Housing market continues to gain equity

Local homeowners can again be glad they chose to settle in

Newport-Mesa. A new round of statistics showed home prices rose yet

again in most of the area.

The figures, which tracked August home and condo prices, were

released Monday by DataQuick Information Systems, a La Jolla-based

company that tracks real estate prices. Compared with August of last

year, the only neighborhoods where home prices dipped was in the ZIP

Code that includes Newport Heights and West Newport. The

year-over-year drop was a paltry 1%, bringing those neighborhoods

home prices to $880,000.

Compared to July 2005 prices, median prices in those neighborhoods

went down by about $120,000. The only other area where home prices

dropped from July to August was south Costa Mesa. There, the July to

August dip was only about $20,000, and the area recorded median

prices of $707,500.

In Balboa Island, the median home price was reported as being a

little more than $2 million. Year-over-year price comparisons for the

island were not given, and figures on the area were not released in

July.

In Newport-Mesa, August's biggest price jump was in the ZIP Code

that includes Balboa Peninsula Point. DataQuick reported median home

prices in that area were $3.1 million, a hefty increase above July's

median price of about $1.8 million.

In the six-month period between March and August, median home

prices in that area fluctuated in a range between $1 and $2.2

million. Typically, the volume of home sales in that area is small --

DataQuick reported five sales for August -- which makes it possible

for the sale of a very high-end property to push numbers skyward.

In the long run, Realtor Sally Martin said the trend of people

tearing down older properties and building more upscale homes in

their place is propping up prices in the area.

"We're seeing prices we haven't seen there before," she said.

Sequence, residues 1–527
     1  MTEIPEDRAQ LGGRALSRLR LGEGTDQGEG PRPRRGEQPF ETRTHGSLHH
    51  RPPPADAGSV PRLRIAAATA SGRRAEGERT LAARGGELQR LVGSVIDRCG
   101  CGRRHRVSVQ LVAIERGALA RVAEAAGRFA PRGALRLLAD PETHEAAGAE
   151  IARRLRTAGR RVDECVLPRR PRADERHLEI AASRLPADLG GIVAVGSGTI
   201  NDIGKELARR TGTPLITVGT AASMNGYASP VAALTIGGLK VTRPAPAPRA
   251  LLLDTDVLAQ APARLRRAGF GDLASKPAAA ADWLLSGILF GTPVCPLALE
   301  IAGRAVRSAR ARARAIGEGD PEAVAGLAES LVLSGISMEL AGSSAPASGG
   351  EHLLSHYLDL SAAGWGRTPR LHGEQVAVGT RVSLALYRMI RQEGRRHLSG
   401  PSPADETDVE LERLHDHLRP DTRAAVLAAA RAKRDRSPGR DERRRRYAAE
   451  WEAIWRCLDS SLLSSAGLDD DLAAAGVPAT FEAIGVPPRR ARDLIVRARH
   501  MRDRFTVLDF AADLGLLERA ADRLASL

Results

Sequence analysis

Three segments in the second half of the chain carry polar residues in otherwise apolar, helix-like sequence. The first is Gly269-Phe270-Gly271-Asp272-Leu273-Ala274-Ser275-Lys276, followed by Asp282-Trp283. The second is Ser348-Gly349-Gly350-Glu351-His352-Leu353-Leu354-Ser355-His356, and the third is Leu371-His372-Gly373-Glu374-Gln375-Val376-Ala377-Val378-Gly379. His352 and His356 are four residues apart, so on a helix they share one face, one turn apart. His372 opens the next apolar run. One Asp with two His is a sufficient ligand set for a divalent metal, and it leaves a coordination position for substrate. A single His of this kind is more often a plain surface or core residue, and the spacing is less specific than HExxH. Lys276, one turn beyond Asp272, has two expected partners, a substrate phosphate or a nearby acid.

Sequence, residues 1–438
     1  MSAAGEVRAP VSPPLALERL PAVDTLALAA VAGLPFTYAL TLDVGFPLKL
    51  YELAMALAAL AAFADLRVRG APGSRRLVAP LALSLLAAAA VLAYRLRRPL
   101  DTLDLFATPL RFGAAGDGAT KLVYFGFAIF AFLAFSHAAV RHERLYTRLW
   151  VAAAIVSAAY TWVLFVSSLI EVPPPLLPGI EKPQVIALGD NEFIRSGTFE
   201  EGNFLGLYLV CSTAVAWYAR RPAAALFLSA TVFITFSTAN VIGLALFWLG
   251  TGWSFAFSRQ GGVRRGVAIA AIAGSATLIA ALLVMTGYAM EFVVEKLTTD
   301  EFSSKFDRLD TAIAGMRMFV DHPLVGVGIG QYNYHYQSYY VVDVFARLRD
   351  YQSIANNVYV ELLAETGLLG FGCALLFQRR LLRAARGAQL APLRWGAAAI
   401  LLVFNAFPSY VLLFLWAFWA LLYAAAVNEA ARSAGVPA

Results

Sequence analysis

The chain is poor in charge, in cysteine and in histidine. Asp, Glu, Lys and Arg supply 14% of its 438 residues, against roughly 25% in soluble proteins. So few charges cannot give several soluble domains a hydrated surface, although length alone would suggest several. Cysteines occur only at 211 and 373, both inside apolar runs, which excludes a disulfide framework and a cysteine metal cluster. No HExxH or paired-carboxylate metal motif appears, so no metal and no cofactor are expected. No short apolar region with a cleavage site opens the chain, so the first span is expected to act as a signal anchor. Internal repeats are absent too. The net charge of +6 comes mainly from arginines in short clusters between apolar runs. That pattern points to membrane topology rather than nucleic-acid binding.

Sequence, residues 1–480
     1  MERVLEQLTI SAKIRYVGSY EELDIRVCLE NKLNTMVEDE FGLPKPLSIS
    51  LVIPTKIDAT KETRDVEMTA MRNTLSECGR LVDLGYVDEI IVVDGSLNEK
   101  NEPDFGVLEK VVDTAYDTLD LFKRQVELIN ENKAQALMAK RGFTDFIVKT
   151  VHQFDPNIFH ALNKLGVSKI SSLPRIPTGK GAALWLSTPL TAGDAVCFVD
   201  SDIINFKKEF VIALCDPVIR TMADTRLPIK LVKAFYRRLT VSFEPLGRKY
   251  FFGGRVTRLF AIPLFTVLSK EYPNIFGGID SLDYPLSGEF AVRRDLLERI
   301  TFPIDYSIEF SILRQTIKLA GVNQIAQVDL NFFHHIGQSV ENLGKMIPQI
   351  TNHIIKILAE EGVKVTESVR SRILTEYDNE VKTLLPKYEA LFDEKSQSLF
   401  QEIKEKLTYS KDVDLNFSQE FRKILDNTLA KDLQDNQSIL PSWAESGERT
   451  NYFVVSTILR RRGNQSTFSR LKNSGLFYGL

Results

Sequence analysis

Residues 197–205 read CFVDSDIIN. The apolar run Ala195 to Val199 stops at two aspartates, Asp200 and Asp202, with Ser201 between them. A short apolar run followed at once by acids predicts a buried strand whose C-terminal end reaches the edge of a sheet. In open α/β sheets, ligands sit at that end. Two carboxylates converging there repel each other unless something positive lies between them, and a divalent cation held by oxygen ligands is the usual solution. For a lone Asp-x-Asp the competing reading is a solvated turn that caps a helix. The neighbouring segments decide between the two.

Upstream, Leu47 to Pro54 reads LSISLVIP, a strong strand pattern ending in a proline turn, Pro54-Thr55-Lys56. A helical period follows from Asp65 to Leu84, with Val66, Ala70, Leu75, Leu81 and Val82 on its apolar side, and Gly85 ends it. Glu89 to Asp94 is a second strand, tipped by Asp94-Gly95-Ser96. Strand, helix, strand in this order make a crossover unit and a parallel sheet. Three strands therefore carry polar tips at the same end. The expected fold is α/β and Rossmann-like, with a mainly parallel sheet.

Over time, continued upward pressure on prices across Balboa

Peninsula could change the area's image.

"As the prices go up, you're going to find less and less young

people being able to live and party there," Martin said. She said

rental rates on the peninsula tend to go up at the same time as home

prices.

Concerning the future, G. Christopher Davis of UC Irvine's Paul

Merage School of Business said the home market could settle down in

the next few months. He said August is often strong, since its home

buyers' last chance to buy a home with a 30-day escrow and move in

before their children have to start school.

To an extent, Davis believes the recent surge in home prices is

fueling itself, as buyers can take advantage of their homes'

appreciation to move into more upscale digs. He does not believe

Orange County's home prices are floating on a bubble, though he is

concerned for home buyers who purchased their houses with an

adjustable-rate mortgage. If rates go up, those people could be in

for a rude awakening.

As of Sept. 8, mortgage giant Freddie Mac reported the average

rate for a 30-year, fixed-rate mortgage was 5.71%, plus a fee of 0.6

points. Rates for 15-year fixed mortgages averaged 5.3% and 5-year

hybrid adjustable-rate mortgage rates averaged 5.24%. Fees for those

mortgages were also 0.6 points. Average rates on 1-year

adjustable-rate mortgages were 4.45% with a 0.7 point fee.

"I counsel anyone who asks me, they ought to get out of their

adjustable-rate mortgage now if they're going to live in their house

for more than three or four years," Davis said.

* ANDREW EDWARDS covers business and the environment. He can be

reached at (714) 966-4624 or by e-mail at

o7andrew.edwards@latimes.comf7.

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